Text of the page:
Rights groups say new evidence suggests Sri Lanka war crimes against Tamil Tigers

Human Rights Watch and the International Crisis Group have each released new evidence implicating the Sri Lanka government in war crimes during its offensive against the Tamil Tigers one year ago.

Andrew Caballero-Reynolds/Reuters
An army soldier guards a group of armored personnel carriers on the water front in Colombo Wednesday. Sri Lanka was supposed to mark the first anniversary of the end of its war against the Tamil Tigers with a large parade in Colombo, but had to postpone it indefinitely due to heavy rain.

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Two independent human rights groups published reports this week accusing the Sri Lanka government of war crimes during the final months of its war against the Tamil Tigers, which ended last May.

In its report published Thursday, Human Rights Watch (HRW) offered a series of photos showing a man, identified as a member of the Tigers' political wing in the city of Jaffna, apparently being held by Sri Lankan forces. In the first two photos, he is bloodied but alive and tied to a tree, surrounded by what appear to be soldiers. In the subsequent photos, he is shown lying against a rock, apparently dead, with additional injuries to his head and torso.

HRW writes that while the photos do not prove that the man was summarily executed while in custody, "the available evidence indicates that a full investigation is warranted." HRW also cites several photos of dead female Tiger members, which raise concerns that the pictured women might have been abused or mutilated by government forces.

The HRW report comes days after the release of a similar report by the Brussels-based International Crisis Group (ICG). The ICG report, released Monday, says that evidence collected by the group "suggests that these months saw tens of thousands of Tamil civilian men, women, children, and the elderly killed, countless more wounded, and hundreds of thousands deprived of adequate food and medical care, resulting in more deaths."

The substantial body of evidence collected by Crisis Group since August 2009 offers a compelling case for investigation of the conduct of hostilities and the role of the military and political leadership on both sides. It consists of numerous eyewitness statements that Crisis Group has taken and considers to be reliable as well as hundreds of photographs, video, satellite images, electronic communications and documents from multiple credible sources.

The government's response to the accusations has been dismissive. Despite the reports, there is only celebrating in the Sri Lanka capital, Colombo, as the government celebrates the anniversary of its victory over the Tamil Tigers in a brutal offensive that ended a year ago.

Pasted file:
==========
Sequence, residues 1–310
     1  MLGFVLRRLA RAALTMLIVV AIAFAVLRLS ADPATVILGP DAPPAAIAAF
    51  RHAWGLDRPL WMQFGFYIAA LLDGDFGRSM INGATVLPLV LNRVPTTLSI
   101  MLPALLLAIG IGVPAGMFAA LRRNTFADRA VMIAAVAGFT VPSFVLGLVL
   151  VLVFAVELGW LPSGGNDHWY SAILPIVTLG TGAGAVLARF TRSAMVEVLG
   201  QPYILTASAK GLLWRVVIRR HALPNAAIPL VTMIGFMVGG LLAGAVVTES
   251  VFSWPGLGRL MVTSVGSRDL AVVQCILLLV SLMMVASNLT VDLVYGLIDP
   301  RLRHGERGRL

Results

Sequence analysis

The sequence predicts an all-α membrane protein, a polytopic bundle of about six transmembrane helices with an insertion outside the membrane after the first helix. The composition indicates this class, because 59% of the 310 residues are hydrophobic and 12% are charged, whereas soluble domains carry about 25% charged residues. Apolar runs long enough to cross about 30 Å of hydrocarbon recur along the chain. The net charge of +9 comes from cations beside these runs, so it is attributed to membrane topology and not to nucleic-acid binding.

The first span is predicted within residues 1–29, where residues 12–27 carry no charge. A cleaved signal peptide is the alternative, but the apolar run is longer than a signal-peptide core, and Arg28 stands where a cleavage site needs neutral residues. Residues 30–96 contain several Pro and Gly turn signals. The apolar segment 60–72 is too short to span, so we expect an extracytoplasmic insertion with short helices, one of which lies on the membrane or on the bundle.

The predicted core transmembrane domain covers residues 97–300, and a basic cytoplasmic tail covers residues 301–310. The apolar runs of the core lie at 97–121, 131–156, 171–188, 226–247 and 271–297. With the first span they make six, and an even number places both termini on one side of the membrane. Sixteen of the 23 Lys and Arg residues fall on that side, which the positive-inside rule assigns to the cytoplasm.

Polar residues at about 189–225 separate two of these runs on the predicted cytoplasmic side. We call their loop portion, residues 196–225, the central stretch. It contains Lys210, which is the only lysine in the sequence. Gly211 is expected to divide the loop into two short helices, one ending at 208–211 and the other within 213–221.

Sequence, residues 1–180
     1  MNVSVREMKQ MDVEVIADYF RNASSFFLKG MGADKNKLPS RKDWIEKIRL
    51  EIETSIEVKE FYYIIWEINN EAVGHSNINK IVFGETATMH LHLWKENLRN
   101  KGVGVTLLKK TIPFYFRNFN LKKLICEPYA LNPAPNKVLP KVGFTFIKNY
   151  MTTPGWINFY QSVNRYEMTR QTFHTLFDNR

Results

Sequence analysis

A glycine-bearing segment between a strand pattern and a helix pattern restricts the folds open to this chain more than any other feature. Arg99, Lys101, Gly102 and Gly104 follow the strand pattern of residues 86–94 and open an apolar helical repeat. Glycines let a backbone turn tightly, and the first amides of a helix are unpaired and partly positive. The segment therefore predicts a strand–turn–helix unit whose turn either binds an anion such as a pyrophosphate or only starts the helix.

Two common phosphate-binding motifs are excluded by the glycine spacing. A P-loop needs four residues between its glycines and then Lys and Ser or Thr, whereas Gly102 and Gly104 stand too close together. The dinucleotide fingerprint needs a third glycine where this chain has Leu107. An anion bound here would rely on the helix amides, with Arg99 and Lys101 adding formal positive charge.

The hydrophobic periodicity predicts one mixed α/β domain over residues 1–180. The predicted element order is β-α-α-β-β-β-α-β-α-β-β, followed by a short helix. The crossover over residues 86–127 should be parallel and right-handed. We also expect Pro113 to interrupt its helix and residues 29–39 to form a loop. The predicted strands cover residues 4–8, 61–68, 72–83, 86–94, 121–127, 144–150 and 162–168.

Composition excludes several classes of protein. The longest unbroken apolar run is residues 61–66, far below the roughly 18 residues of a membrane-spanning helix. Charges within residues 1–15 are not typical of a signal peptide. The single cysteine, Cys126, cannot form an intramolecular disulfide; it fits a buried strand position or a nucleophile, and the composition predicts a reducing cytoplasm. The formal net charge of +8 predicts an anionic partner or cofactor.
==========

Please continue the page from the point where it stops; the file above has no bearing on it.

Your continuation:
The Globe and Mail reports that Sri Lanka's ambassador to Canada called the claims in the ICG report "unsubstantiated." And Sri Lankan news site ColomboPage.com reports that Sarath Fonseka, the detained former general of the Sri Lankan military, denied any knowledge of the abuses cited in the ICG report.

[Mr. Fonseka] said he personally planned, supervised, and conducted the ground operations of the prolonged battle.

"To my knowledge, depending on what I know, and what happened on the ground there were no war crimes. I can give you that assurance," he told the foreign journalists. ...

"If somebody says intentional killings of civilians I will deny that," the former military chief stressed.

The BBC's Charles Haviland points out, however, that Mr. Fonseka's denial was only of his personal knowledge and planning of human rights violations, and that it was not a "blanket" denial of war crimes by the government.

In the run-up to the presidential poll in January, reports Reuters, Fonseka was quoted as saying "senior rebels who surrendered with white flags were gunned down on orders from above. He later denied the report and it was retracted."

The HRW report says that after the war ended, Sri Lankan President Mahinda Rajapaksa promised United Nations Secretary-General Ban Ki-moon that the government would investigate any war crime allegations as part of a reconcilliation process, but that a year on, the government has yet to do so.

The Economist notes that Sri Lanka recently announced the formation of a "lessons learnt and reconciliation commission," but that "based on the experience of previous national commissions of inquiry, outsiders are unlikely to trust this one. Its terms of reference are anyway not to investigate alleged war crimes, but the whole period from February 2002, when the government and the Tigers signed an abortive ceasefire."


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